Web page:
2. Use the runmqlsr command directly. This has the advantage that even when the queue manager is not running, the runmqlsr process can continue to run. This means that a TCP/IP connection such as a client application can be given a more useful return code saying that the queue manager is not currently running, and you can tell that you at least got to the correct IP address. Disadvantage is that you have to find some other, non-MQ way to automatically start the listener up when the machine starts up.

Regardless of which model you use for your MQ TCP/IP listener, you can have multiple ports and independently start-able and stop-able listeners. DEFINE multiple listener objects, or directly start multiple runmqlsr processes using different -p parameters.

As a beginner, you are probably quite OK to just use the DEFINE LISTENER command - perhaps practice with using something other than port 1414. A lot of beginners forget to start their listener after a queue manager restart, so that CONTROL(QMGR) setting is very handy for that. And then later, as you get more experienced, you can decide whether either of the above models suits your environment better.

Cheers,
Morag
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hdomin257
PostPosted: Tue Oct 26, 2021 12:17 am Post subject: Reply with quote

Newbie

Joined: 27 Nov 2020
Posts: 7

Thank you for these beautiful answers.

I get it a lot more right now, but still struggle to connect all of the dots.

I understand these two models for running listeners.
-with runmqlsr I use the "second" model - direct run of runmqlsr process - it's kind of "standalone", can run with QM stopped. But It can't run under QM control, can't have controlled starts/stops by QM starts/stops. It lives it's own life and can be stopped by endmqlsr.

Listener object arrived later and added the functionality for controlled startups, shutdowns by QM, and also manual control using START LISTENER and STOP LISTENER mqsc's.
-But I can't tell if it fits model 1.) or model 2.) mentioned ways of running.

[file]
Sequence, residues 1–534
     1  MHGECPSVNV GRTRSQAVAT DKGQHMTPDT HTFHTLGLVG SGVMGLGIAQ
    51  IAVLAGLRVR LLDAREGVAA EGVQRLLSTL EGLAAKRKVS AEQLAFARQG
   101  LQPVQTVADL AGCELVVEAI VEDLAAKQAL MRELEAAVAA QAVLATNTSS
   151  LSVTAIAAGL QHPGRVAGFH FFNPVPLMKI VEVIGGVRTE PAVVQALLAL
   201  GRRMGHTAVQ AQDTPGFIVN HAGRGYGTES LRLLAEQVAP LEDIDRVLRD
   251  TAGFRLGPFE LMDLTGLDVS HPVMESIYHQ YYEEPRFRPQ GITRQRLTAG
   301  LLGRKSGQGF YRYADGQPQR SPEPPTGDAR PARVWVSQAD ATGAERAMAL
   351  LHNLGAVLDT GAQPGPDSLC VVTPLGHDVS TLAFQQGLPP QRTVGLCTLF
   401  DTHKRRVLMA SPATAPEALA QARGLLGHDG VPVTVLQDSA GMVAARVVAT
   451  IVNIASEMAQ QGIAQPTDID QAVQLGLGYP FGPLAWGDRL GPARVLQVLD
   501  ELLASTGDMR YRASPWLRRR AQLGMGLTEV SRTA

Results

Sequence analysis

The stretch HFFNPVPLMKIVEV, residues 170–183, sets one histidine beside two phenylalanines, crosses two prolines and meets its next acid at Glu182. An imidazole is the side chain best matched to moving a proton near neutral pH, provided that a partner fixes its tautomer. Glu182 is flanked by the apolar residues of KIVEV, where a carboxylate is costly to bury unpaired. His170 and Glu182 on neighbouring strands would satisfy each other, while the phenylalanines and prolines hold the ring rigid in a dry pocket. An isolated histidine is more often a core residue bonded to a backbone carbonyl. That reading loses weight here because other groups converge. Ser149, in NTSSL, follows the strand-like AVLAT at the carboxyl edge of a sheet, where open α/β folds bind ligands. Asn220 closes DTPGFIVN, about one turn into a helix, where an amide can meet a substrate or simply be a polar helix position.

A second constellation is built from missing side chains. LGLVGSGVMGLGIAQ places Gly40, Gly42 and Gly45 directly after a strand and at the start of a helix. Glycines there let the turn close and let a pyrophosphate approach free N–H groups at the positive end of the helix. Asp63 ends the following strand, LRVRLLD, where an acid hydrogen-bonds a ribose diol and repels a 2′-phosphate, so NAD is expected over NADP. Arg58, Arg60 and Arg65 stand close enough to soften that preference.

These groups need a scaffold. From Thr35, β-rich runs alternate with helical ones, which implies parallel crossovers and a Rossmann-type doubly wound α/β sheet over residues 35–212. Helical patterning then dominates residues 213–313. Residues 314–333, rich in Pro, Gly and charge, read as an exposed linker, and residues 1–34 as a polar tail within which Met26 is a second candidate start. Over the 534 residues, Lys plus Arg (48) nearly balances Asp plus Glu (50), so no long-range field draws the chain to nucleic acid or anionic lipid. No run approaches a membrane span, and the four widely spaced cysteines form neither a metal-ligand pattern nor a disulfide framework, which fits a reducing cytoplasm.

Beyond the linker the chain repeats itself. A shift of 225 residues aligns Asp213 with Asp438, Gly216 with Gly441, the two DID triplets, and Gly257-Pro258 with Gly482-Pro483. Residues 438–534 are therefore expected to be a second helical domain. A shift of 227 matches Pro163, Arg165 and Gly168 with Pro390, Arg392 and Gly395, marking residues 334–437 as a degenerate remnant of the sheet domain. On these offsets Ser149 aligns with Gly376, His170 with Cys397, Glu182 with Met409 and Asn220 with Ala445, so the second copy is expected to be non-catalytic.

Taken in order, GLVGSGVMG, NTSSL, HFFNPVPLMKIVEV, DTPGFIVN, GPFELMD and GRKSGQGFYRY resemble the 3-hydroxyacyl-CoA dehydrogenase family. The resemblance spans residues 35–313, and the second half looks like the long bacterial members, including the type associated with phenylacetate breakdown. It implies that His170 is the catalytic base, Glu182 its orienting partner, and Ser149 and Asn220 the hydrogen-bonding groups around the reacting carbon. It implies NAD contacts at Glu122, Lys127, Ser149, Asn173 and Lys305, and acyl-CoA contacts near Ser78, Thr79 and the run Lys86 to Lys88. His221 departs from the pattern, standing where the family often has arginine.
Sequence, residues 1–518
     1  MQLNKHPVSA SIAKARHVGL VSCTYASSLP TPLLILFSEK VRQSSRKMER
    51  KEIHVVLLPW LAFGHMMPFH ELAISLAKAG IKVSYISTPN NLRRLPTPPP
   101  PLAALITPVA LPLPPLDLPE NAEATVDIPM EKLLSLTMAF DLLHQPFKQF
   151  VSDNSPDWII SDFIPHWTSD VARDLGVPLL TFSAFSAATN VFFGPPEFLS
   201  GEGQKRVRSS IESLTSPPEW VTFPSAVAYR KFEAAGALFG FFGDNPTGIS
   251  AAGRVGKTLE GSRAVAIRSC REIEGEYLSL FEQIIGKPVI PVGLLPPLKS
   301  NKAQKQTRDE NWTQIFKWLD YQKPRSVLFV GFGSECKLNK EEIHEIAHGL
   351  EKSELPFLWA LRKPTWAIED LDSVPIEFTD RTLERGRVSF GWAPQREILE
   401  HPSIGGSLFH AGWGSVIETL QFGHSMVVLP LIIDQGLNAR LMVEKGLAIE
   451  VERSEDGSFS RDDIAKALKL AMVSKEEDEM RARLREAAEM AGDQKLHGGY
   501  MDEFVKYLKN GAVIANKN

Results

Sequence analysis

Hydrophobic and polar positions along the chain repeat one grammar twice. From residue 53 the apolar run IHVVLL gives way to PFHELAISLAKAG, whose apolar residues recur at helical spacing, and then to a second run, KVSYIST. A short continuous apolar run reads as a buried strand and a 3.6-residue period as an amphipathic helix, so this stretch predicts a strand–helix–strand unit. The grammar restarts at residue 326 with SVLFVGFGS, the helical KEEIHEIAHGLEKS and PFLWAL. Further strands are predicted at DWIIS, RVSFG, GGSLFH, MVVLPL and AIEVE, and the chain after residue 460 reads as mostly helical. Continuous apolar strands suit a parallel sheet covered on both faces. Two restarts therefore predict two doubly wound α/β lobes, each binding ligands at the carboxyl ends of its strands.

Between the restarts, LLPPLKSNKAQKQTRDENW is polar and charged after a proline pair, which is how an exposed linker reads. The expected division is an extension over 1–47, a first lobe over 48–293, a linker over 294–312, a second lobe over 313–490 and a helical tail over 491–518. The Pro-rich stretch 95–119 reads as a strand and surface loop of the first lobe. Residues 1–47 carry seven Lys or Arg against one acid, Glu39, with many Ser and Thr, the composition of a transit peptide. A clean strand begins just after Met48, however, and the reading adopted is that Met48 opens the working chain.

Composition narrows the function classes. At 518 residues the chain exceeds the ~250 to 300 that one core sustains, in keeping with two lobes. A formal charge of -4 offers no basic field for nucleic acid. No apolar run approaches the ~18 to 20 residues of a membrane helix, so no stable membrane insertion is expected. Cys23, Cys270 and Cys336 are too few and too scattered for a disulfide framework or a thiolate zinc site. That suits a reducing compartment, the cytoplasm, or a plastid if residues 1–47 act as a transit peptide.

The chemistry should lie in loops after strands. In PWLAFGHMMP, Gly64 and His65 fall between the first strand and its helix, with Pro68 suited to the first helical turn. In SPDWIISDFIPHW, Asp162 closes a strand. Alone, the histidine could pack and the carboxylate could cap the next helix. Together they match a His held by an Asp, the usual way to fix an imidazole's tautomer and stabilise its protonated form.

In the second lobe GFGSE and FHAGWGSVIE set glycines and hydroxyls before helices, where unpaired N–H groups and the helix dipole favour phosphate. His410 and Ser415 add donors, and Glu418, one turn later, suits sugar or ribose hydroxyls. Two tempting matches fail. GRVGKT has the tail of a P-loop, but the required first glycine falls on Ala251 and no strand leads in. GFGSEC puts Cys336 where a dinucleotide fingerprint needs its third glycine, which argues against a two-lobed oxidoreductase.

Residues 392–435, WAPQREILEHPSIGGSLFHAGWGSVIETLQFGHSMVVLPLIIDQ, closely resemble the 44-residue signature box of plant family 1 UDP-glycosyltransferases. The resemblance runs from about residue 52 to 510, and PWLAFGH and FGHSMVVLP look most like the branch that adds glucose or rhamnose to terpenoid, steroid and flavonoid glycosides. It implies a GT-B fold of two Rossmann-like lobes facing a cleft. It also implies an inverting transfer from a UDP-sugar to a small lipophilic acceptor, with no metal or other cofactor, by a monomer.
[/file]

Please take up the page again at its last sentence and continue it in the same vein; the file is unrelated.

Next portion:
It seems both, cuz we can define CONTROL(STARTONLY) or (MANUAL) and it should run after QM stop.
Or not?

sorry I can't try this thing right know. THX a lot for explanations.
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hughson
PostPosted: Tue Oct 26, 2021 12:42 am Post subject: Reply with quote

Padawan

Joined: 09 May 2013
Posts: 1670
Location: Bay of Plenty, New Zealand

hdomin257 wrote:
Listener object arrived later and added the functionality for controlled startups, shutdowns by QM, and also manual control using START LISTENER and STOP LISTENER mqsc's.
-But I can't tell if it fits model 1.) or model 2.) mentioned ways of running.

It is model 1. "Create a listener object ...."

Listener objects do not run outside of the lifetime of the queue manager.

Cheers,
Morag
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bruce2359
PostPosted: Tue Oct 26, 2021 5:58 am Post subject: Reply with quote

Poobah

Joined: 05 Jan 2008
Posts: 9069
Location: US: west coast, almost. Otherwise, enroute.

In the old days, we often found ourselves with orphaned listener processes - runmqlsr instances alive for which the qmgr instance was no longer running.

The solution to this was the invention of the listener OBJECT, which can (should) be defined such the listener process starts and ends with the qmgr instance.

Manually started (at a shell) runmqlsr process and automatically started as an object effectively yield the same results - a listener.
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gbaddeley
PostPosted: Tue Oct 26, 2021 2:40 pm Post subject: Reply with quote

Jedi

Joined: 25 Mar 2003
Posts: 2293
Location: Melbourne, Australia